■ Follow the curve of the Big Dipper's handle down and around, by a little more than a Dipper-length, to find Arcturus, the bright Spring Star. Or the place where it's about to rise. Arcturus comes up fairly soon after dark now, depending on your location.

■ Algol, in Perseus in the northwest, should be at its minimum brightness for a couple hours centered on 9:36 p.m. EST. Algol takes several additional hours to fade and to rebrighten.

After nightfall, the waning gibbous Moon rises in the east near Gamma Virginis on Wednesday the 8th and near Spica on Thursday the 9th. Each Moon-and-star pair crosses the sky for the rest of the night, changing separation and orientation. By the beginning of dawn the following mornings, they're over in the west as shown here.


■ Pollux and Castor in Gemini pass nearly overhead around 8 or 9 p.m. this week if you live in the world's mid-northern latitudes. They go smack overhead as seen from near latitude 30° north: Austin, Houston and the US Gulf Coast, northernmost Africa, Tibet, and Shanghai.


■ Venus and Jupiter continue to move farther apart in the western evening twilight. Tonight finds them 9° from each other, as shown below.

Venus will keep climbing higher in twilight until May, but Jupiter will sink down out of sight before the end of March.


■ Bright Sirius now stands due south on the meridian just as twilight fades into night. Sirius is the bottom star of the equilateral Winter Triangle; the others are orange Betelgeuse to Sirius's upper right (Orion's shoulder) and Procyon to Sirius's upper left. At this time of year, the Winter Triangle balances on Sirius soon after dark.

■ Daylight-saving time begins at 2 a.m. tonight for most of North America. Clocks spring ahead an hour.


■ More about Sirius and Canis Major. In a very dark sky the Big Dog's stick figure is fairly plain to see with the naked eye — the dog is in profile prancing to the right on his hind legs, with Sirius as the shiny dog tag on his chest. The stars of his triangular, pointy-nosed head are dim at 4th magnitude.

For most of us, only his five brightest stars show through our light-polluted skies. These form the unmistakable Meat Cleaver. Sirius and Murzim (to its right) are the wide top end of the Cleaver, with Sirius sparkling on its top back corner. Down to Sirius's lower left is the Cleaver's other end including its short handle, formed by the triangle of Adhara, Wezen, and Aludra. The Cleaver is chopping toward the lower right. Its stubby handle is Canis Major's tail.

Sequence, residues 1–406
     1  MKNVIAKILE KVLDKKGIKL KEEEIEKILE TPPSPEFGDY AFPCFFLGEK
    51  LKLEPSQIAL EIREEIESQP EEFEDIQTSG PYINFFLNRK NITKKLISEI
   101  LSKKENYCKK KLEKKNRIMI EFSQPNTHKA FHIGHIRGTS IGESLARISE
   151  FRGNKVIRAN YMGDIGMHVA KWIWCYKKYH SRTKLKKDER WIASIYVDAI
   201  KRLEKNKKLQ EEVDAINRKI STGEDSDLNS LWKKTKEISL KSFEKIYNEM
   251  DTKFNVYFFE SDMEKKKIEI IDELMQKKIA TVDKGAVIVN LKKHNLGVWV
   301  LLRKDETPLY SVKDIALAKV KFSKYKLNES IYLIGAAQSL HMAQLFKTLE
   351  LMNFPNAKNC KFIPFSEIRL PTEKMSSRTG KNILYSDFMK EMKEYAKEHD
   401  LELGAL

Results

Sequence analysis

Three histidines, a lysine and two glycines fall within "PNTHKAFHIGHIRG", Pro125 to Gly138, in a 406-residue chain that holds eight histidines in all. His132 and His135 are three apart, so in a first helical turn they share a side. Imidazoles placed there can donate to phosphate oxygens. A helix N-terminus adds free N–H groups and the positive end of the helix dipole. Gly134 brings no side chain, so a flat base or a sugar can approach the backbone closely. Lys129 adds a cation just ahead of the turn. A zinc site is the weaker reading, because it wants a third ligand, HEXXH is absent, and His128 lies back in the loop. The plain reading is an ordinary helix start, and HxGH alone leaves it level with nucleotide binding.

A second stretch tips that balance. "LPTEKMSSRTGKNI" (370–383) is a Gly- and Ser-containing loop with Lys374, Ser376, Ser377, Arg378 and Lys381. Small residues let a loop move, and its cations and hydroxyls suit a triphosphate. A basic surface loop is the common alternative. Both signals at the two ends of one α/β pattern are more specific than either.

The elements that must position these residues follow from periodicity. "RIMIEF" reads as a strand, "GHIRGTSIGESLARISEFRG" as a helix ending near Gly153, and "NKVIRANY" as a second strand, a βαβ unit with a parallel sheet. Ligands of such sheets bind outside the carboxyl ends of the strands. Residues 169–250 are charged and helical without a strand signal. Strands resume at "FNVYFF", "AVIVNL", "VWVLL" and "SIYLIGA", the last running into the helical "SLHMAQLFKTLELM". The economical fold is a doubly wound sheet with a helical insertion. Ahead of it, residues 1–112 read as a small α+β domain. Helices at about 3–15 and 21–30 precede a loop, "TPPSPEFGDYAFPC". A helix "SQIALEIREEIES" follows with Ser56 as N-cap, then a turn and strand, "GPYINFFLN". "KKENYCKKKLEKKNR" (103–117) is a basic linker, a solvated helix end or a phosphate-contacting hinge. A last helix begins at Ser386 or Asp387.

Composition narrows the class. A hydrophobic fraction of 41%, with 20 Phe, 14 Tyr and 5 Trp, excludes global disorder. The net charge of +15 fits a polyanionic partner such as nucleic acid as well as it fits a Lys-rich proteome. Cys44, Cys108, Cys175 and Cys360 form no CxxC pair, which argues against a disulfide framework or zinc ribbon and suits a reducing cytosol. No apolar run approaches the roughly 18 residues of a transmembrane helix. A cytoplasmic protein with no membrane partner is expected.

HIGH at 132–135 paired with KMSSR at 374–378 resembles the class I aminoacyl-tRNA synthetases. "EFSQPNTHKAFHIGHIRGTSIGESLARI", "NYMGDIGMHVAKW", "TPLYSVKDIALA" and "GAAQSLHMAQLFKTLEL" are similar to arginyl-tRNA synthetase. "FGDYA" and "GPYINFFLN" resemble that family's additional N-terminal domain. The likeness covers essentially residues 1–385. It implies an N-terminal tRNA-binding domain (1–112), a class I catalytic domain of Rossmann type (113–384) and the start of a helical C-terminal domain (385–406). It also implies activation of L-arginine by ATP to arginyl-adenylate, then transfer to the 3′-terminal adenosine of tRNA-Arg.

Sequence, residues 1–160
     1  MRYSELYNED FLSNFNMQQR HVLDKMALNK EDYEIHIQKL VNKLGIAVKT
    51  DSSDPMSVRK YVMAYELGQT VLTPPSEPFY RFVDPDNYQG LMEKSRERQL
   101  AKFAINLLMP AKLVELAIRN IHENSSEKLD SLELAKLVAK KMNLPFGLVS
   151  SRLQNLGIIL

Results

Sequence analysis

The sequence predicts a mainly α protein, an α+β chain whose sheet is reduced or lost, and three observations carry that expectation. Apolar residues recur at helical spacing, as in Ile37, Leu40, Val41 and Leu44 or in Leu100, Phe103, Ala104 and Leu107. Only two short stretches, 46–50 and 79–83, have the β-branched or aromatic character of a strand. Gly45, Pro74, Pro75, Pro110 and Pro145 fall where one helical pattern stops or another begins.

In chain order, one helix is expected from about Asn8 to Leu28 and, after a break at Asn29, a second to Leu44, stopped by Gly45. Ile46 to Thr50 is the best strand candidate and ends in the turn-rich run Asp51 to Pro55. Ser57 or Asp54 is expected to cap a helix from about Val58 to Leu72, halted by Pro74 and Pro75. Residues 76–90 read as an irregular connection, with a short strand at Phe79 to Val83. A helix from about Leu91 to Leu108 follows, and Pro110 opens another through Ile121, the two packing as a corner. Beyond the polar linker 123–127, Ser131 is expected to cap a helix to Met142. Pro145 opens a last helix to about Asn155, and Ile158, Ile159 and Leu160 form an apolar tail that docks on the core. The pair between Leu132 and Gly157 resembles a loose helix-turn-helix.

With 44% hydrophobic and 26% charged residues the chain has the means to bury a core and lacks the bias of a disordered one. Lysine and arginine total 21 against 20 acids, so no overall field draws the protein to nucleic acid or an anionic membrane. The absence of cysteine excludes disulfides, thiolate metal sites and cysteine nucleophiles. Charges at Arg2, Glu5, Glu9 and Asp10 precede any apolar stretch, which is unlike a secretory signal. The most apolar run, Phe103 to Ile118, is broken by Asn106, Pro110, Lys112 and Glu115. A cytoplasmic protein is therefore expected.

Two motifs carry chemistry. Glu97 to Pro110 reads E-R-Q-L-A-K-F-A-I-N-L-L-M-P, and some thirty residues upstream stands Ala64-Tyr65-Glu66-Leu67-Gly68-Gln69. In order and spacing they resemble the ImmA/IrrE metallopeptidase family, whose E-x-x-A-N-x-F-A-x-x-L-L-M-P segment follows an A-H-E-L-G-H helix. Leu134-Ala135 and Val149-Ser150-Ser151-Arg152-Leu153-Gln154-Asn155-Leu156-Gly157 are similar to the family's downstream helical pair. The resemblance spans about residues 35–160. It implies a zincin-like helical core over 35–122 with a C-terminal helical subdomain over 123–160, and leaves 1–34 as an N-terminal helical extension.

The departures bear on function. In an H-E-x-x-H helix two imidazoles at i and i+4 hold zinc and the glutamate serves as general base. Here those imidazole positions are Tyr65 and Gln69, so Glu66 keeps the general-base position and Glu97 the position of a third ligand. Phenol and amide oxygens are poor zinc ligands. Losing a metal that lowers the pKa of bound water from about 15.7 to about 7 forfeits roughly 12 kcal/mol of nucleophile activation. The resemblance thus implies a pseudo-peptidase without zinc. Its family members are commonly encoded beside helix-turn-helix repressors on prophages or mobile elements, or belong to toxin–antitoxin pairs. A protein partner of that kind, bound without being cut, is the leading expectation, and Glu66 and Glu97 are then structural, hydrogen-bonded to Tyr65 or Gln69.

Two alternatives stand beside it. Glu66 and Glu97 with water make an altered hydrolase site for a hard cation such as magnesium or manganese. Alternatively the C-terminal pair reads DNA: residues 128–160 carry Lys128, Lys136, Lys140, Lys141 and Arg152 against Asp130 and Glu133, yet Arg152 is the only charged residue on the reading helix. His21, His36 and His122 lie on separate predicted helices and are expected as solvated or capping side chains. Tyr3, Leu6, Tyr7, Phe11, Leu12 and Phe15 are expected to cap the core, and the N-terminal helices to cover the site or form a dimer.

This Week's Planet Roundup

Mercury is out of sight in conjunction with the Sun.

Venus and Jupiter shine together in the west at dusk. Venus is the brightest at magnitude –3.9. Jupiter, at magnitude –2.1, is a fifth as bright. Venus is now the upper one, having traded places with Jupiter at their March 1st conjunction.

They get farther apart every day. On Friday March 3rd they's separated by 2°, as shown at the top of this page. By the 10th they widen to 9° apart.

Telescopically, Venus is a shimmering little gibbous ball 12½ arcseconds in diameter and 84% sunlit. Jupiter is 34 arcseconds wide, almost as small as we ever see it; Jupiter is nearly on the other side of the solar system from us now. Moreover, Jupiter is a getting very blurry in a telescope as it sinks to an ever-lower altitude.

But there's an interesting observation that a telescope will still enable. Jupiter displays a strikingly dimmer surface brightness than Venus something you wouldn't guess looking at them with the naked eye. The reason? Jupiter is nearly 7 times farther from the illuminating Sun than Venus is, so its cloudtops are lit nearly 49 times less brightly.

Mars, in Taurus, shines very high toward the south as the stars come out. It shifts southwest, then west and lower, as evening proceeds.

Mars continues to fade, from magnitude +0.4 to +0.5 this week, but it's still a little brighter than Aldebaran (+0.9) some 14° below it. Mars and Aldebaran will match in brightness around the turn of spring (March 20th).

This week, Mars again passes between the horntip stars of Taurus, heading east this time. Watch it change position with respect to them night by night. Mars shines exactly between them on the evening of the 11th, closer to Beta Tauri (to its right) than to dimmer Zeta Tauri (to Mars's left).

In a telescope Mars is now only 8 arcseconds wide. That's too small to show visual details in most telescopes on most nights, aside from its gibbous shape (90% sunlit, see below) and maybe signs of its North Polar Cap.

Gibbous Mars on Feb. 2, 2023
Receding Mars as imaged on February 2nd by Christopher Go in the Philippines. South is up. Upper left of center, the most prominent diagonal dark marking is Mare Sirenum. The North Polar Cap is at bottom. The dark arc just inside the bright limb is partly a processing artifact, but the dark margin of the North Polar Cap is a known real thing.